With Help, A Tricky Print Fabric Turns Into A Designer Shirt

panel print shirt made using K3555. On the McCall Pattern Company blog.

Do you have fabric in your stash that you just love, but aren’t quite sure what to do with it? That’s how I felt about this utterly gorgeous but perplexing four-ply, silk crepe panel print that I’ve had for nearly four years. Unfortunately I don’t have a photo of what this fabric looked like before I cut into it, but this rough sketch will give you the general picture. I had two panels:

panels-print-fabric A

Thinking about what to do with this fabric, I was basically stuck in a rut of two options: 1) Sheath dress with dense black area of print concentrated at the waist; or, 2) sheath dress with dense black area placed at top of bodice and again at hem of dress. All well and good, but I wasn’t loving the idea of spending time and this beautiful fabric on a dress that I’d probably only wear a few times a year.

Carlos Correa, Vogue Patterns designer
Carlos Correa, Vogue Patterns designer

So I did what I always do when I’m in a fabric or design rut: I turned to my friend Carlos Correa, Vogue Patterns designer. He has the best suggestions and guidance! Carlos came across this photo of a shirt by Dsquared and suggested I make something similar:

Dsquared shirt using a placement print.

And I was like, BRILLIANT! I never even considered using the print cross-grain like this, but it works, and how. With some careful laying out of my pattern pieces (I used Kwik Sew K3555), I made this shirt:

panel print shirt made using K3555. On the McCall Pattern Company blog.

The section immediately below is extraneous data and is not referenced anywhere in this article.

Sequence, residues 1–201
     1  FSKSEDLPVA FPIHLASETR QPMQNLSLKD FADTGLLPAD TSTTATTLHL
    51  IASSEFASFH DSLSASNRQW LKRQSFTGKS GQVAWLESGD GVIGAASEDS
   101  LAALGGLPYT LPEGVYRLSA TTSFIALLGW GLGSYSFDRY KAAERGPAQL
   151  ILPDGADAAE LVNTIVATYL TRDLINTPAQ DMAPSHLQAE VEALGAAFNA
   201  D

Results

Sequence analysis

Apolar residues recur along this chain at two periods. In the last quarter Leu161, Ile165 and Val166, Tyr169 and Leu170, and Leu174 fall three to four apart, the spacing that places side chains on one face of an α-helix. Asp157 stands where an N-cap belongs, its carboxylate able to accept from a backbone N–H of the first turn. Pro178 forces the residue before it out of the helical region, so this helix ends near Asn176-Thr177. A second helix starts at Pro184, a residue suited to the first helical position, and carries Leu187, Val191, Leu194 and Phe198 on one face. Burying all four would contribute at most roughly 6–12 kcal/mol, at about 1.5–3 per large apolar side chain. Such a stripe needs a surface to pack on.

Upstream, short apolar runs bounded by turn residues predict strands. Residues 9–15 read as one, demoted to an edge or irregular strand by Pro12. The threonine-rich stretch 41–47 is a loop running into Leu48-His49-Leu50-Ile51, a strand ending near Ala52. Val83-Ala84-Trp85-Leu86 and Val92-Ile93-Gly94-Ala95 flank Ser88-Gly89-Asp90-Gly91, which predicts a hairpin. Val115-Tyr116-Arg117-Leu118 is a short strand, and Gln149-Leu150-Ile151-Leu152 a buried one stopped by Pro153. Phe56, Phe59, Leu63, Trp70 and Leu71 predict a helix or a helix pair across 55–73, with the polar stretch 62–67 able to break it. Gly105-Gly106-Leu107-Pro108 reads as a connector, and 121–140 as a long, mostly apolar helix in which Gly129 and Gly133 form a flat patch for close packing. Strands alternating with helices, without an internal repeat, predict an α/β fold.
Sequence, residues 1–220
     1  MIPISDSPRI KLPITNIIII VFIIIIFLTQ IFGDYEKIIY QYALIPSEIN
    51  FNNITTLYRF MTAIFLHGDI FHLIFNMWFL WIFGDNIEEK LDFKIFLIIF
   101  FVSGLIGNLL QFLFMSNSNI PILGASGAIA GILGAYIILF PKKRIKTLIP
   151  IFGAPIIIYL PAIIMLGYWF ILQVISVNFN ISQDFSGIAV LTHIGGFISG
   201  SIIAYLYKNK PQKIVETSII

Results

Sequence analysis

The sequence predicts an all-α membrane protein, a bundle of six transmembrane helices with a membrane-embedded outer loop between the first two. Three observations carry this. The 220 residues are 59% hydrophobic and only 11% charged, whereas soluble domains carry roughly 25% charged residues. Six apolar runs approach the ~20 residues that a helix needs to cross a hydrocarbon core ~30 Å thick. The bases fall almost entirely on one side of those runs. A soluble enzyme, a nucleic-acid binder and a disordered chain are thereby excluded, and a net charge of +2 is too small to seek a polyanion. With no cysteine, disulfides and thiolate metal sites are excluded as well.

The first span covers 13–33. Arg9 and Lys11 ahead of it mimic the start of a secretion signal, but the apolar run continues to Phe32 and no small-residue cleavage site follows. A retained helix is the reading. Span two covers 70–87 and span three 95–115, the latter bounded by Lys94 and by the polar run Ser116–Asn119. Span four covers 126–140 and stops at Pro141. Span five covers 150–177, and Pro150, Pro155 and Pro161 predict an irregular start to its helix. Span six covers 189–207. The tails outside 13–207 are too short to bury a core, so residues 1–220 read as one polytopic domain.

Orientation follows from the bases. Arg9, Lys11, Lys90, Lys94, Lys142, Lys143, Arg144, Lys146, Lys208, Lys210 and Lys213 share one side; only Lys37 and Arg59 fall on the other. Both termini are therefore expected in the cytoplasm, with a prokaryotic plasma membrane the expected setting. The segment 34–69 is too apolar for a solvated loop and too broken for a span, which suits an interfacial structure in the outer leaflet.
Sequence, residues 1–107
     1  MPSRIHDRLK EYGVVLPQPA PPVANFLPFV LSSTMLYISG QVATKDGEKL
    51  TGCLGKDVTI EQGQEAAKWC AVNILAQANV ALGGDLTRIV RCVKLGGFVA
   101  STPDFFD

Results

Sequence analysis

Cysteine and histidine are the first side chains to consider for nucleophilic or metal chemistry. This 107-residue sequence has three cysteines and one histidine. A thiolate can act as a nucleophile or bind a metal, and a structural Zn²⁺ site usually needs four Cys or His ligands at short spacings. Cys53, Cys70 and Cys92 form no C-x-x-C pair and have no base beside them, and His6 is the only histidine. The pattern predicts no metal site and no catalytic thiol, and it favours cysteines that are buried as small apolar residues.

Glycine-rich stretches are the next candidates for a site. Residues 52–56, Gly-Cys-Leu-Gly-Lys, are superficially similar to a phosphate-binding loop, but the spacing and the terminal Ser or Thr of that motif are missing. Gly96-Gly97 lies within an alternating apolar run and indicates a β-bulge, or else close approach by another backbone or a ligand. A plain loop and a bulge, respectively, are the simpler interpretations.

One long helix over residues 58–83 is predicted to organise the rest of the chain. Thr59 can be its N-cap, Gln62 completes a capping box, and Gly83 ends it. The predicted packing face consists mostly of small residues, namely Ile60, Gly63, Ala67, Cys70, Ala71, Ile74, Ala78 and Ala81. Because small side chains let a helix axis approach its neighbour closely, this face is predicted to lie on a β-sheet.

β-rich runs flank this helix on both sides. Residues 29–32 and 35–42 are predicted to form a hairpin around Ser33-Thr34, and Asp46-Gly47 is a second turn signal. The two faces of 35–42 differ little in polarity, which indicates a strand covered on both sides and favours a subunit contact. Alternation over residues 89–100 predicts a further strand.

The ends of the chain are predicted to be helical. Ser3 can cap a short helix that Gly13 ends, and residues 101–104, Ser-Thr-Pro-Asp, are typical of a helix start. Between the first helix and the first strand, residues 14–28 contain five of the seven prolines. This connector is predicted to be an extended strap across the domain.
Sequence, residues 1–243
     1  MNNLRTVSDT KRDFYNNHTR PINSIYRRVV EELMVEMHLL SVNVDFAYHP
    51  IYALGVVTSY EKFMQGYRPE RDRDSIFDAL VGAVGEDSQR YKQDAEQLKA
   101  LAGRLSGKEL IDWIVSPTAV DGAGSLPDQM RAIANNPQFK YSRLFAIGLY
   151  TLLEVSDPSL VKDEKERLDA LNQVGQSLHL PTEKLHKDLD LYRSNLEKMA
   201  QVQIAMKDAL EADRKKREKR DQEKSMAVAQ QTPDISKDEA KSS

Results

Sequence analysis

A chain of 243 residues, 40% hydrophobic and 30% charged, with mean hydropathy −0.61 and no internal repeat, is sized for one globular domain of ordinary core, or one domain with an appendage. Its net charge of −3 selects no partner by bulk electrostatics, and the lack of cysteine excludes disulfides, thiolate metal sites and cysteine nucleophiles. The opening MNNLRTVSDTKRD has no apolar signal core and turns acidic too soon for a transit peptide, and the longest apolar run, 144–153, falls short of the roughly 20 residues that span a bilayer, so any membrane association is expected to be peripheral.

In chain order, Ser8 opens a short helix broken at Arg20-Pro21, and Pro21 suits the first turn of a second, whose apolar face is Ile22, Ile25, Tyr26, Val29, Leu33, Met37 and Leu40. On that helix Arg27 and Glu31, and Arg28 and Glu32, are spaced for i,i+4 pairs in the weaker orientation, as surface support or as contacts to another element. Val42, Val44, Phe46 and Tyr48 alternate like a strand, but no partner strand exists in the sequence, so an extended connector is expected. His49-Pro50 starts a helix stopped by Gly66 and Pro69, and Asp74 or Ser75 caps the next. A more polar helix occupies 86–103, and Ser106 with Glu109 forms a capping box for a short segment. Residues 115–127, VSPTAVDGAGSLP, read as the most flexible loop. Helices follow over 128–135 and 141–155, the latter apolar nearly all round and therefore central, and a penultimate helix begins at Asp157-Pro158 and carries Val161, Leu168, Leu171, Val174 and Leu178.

panel print shirt made using K3555. On the McCall Pattern Company blog.

panel print shirt made using K3555. On the McCall Pattern Company blog.

I wore it to work last week and got so many compliments on it. Shirts are a staple in my wardrobe, so I expect I’ll get a lot of wear from it.

Funny, I had this misperception that cutting pieces on the cross-grain (instead of laying the pieces on the grainline as we’re conditioned to do) would result in wonkiness, but as you can see everything drapes perfectly.

Moral of this story: Force yourself to think like a designer when it comes to panels and placement prints, and don’t be afraid to go against the grain. (Is this where that expression comes from?!)

Readers, do you have any fabrics in your stash that you love but just can’t decide what to do with them? Leave us a comment here and maybe we can help!

We’ve been sewing since 1863.

29 comments
  1. This is a useful, inspiring type of post. Thank you!

  2. What a fabulous shirt – a real designer piece. A triumph Meg!

  3. LOVE THIS IDEA. Thanks Meg and Carlos–super result and so inspiring.

  4. beautiful! I did this recently with an ombre material that was ombre’d the wrong way! So I pieced and gave extra give in the elbow area. Just curious, what color buttons did you choose? It appears black, and clear on the sleeve- but can’t tell. This is truly a fabulous shirt you made! Love it!

    1. Thanks, Susan! I used black buttons on the front and pearl buttons on the cuffs and top button at the collar.

  5. Wow, as usual for you, stunning. It would not have occurred to me to cut the fabric this way. It is edgy and artistic while being a traditional style that would flatter every body type. Thank you for sharing and thank your collaborator for his amazing skill.

  6. Beautiful! Now you’ve got me wishing I had a print like this!

  7. Great solution, and beautiful result! Just this weekend I found a fabulous remnant that has embroidery along both selvages. I’ve been thinking sheath dress, but now I’ll try to get a bit more creative. Like you, I can use more blouses and fewer dresses!